Building a community with others can be a challenge when movement is the central theme. We’ve all become so sedentary! A few ideas that might lighten your load: your family is also a community right now. Keep moving as a unit, putting out the invites, and now and then other people will join! Ask new people, too—it might be that the community you’re looking for is currently outside of whom you’re online with (via Facebook) daily. I once saw a “looking for a walking buddy” poster in a local co-op, so maybe online isn’t the best place to find your local movers. Also, build non-people community. The trees and wind and mushrooms and birds are also others that are there with you. Meaning, you can learn to feel supported by others while moving outside, even if it’s not other humans. You can also take a nature-based class and meet new people interested in learning to identify plants. You might consider hosting moving birthday parties or a community soup night where you all sit on the floor (which can lead more naturally into playing with ground work/floor transitions). Or go to spin class with your friends, and then suggest a walk afterward with a cup of coffee. Get a group of friends together to go pick up trash in a local common area. Building community requires both parties be flexible in meeting each others’ needs, but also, “Hey, let’s move together” can be intimidating for those who aren’t into movement. That being said, many are into nature and outside games, volunteering in their community—so maybe frame invites around the non-movement component of the activity and see what happens.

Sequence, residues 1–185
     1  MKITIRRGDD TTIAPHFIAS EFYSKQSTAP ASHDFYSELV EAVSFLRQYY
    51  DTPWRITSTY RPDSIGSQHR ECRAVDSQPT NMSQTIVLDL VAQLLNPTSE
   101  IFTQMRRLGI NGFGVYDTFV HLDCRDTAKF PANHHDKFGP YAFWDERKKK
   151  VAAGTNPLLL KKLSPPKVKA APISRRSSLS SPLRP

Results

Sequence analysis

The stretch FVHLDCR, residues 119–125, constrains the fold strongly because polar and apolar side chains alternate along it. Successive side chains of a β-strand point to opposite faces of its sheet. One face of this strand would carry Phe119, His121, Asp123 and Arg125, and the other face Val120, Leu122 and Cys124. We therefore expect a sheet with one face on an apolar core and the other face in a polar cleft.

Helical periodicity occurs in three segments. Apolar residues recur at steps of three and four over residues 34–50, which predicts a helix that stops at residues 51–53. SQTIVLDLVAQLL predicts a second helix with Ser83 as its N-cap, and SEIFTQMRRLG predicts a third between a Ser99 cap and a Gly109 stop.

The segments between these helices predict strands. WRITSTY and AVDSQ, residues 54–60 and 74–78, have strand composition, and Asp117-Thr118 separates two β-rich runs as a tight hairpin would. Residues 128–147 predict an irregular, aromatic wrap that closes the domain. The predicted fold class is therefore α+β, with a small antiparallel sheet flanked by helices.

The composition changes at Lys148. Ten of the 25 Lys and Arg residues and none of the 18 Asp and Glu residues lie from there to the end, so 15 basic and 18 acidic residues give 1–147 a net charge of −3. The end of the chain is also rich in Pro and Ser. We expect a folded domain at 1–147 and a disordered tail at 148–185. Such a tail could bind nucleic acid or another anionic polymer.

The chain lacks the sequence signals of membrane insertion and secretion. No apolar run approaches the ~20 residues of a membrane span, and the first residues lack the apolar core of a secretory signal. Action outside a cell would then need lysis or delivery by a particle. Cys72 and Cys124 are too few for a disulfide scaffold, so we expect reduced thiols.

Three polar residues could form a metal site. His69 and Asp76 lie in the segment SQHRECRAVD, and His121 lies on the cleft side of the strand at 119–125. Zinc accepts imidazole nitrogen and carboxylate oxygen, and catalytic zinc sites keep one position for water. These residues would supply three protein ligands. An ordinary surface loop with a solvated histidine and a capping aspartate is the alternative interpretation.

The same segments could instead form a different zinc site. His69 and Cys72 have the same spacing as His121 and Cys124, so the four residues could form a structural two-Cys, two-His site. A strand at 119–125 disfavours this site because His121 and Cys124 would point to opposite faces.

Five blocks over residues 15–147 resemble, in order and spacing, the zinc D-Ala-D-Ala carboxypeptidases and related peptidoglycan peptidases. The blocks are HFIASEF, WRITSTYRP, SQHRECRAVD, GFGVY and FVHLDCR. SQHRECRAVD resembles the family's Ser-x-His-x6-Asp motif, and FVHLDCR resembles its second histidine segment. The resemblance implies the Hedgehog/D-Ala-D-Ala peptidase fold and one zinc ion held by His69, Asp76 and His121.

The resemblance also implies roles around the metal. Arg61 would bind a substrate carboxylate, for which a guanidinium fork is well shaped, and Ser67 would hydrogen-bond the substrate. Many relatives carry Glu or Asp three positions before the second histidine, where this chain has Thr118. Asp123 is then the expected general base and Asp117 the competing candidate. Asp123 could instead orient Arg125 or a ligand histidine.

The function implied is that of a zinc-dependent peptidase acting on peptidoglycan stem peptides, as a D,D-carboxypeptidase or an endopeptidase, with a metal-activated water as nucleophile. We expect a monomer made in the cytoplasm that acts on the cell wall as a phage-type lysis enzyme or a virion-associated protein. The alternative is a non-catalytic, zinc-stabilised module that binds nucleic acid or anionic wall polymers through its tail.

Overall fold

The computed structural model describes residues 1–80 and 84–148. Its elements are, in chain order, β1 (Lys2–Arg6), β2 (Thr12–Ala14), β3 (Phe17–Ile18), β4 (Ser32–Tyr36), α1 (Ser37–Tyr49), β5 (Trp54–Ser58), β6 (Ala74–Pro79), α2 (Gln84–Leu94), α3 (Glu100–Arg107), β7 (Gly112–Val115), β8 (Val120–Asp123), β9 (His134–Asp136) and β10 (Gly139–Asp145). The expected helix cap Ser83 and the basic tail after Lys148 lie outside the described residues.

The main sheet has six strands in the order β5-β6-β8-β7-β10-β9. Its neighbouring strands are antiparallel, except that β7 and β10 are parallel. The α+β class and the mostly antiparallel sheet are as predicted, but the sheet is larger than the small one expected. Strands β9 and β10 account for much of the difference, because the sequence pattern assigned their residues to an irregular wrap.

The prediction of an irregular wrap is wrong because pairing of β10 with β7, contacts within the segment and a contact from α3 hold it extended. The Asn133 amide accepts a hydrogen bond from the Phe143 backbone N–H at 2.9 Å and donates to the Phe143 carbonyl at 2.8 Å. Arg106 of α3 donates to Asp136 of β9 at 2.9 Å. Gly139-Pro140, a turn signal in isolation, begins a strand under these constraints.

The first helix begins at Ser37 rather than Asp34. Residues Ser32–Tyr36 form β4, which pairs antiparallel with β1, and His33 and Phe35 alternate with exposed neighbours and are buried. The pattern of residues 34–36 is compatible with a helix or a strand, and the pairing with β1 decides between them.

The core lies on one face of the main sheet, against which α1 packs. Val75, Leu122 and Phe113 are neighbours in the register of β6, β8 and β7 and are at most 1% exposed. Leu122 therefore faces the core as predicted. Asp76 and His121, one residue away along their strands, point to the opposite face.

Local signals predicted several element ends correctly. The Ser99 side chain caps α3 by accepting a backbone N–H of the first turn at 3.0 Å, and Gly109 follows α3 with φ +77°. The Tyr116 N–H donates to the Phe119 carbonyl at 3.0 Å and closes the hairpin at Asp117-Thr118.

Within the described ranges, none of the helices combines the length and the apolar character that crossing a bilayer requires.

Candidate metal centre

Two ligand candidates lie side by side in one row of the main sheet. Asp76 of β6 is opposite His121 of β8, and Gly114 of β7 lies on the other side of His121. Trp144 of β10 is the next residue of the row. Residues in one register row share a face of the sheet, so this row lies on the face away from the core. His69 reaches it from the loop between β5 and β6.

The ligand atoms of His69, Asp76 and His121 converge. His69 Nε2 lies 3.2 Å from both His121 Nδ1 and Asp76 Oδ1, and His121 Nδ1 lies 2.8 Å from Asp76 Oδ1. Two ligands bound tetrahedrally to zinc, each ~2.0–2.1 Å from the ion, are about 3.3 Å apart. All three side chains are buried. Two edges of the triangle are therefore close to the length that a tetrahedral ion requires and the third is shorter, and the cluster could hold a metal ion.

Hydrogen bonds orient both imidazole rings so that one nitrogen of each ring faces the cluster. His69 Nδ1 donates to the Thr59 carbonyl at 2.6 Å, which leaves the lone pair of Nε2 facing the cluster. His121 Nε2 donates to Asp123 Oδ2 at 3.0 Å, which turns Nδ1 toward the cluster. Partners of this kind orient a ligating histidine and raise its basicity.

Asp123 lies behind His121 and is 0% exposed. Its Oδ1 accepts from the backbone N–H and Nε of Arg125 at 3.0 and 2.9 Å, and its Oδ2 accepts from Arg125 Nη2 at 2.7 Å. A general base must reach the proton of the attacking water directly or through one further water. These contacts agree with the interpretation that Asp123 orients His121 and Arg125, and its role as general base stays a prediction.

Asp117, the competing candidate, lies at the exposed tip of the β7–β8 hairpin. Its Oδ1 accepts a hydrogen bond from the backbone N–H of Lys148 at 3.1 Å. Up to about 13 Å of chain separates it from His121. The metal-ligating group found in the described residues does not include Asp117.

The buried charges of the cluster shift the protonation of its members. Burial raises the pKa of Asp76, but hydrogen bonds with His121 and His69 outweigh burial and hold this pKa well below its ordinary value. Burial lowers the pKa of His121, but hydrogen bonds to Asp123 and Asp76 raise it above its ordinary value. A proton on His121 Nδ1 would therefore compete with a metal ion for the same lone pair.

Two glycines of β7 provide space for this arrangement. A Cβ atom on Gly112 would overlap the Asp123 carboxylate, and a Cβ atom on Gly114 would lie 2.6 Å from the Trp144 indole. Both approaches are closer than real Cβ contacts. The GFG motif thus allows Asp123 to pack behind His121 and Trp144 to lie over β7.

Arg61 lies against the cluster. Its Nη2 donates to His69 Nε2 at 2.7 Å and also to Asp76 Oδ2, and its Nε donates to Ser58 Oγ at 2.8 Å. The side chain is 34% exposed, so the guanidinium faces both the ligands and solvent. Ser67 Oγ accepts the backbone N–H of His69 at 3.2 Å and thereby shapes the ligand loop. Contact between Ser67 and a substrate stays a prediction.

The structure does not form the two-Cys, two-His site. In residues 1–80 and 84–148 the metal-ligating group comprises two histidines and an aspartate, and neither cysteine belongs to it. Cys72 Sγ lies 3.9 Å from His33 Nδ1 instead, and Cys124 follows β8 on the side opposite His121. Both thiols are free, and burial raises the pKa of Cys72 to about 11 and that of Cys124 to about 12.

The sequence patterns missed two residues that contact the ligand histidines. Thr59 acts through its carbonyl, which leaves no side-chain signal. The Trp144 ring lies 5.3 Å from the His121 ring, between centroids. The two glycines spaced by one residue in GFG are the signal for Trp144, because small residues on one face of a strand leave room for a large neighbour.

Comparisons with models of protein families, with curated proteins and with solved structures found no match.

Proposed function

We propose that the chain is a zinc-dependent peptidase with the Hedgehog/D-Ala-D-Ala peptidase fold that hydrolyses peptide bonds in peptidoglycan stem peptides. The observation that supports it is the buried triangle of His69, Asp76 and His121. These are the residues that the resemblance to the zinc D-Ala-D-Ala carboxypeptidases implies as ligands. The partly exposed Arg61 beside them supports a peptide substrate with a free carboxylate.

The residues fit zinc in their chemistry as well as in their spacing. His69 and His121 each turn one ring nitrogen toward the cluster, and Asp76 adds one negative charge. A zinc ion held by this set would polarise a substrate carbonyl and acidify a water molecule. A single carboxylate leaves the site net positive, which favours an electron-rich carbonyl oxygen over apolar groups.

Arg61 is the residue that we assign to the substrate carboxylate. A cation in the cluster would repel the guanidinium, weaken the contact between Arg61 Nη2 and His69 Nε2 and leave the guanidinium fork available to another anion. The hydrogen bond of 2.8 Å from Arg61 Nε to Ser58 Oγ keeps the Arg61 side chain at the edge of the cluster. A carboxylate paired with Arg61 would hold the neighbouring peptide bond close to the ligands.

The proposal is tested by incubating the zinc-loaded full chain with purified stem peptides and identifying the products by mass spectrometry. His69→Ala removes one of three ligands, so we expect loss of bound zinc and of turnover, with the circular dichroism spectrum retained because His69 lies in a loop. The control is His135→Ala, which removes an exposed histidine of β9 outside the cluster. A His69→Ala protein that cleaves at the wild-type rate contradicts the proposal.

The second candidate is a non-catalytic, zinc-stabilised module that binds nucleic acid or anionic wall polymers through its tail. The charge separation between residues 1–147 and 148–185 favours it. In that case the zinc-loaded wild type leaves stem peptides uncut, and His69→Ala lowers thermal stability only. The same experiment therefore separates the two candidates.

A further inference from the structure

“With moving naturally (and MovNat), I keep getting stuck, I’m only going so far. I feel like I’m getting stronger, but then I always plateau, hit a stop and can’t seem to get to a next step. And it’s fear of hurting myself. I’m 47 and I’m scared to take a chance, to jump a little further to THAT rock, to try something, to stretch myself. I’m just terrified of breaking my arms or legs, that I just get stuck. How do you find the courage to keep stretching yourself when you’re maybe um, a little older?” – Margaret
If you were to make a list of natural movements, you’d see that there is almost an endless list, with few of them being candidates for breaking bones! When the list of natural movements you’re pursuing is short, it can feel challenging if two or three of the items seem inaccessible for whatever reason. I’d suggest making a list and putting some “big” movements that don’t feel as risky. Some suggestions:
- take a really long walk (20 miles or so)
- try to walk one or three miles carrying a heavy-ish weight you’d normally only carry for a few minutes for an exercise
- tread water for 30 minutes
- spend a few hours volunteering on a farm for some more intense, dynamic labor, or jump in and assist in a community house/barn/park building project if you can find one. Use your body to help build a house? Now that’s an achievement!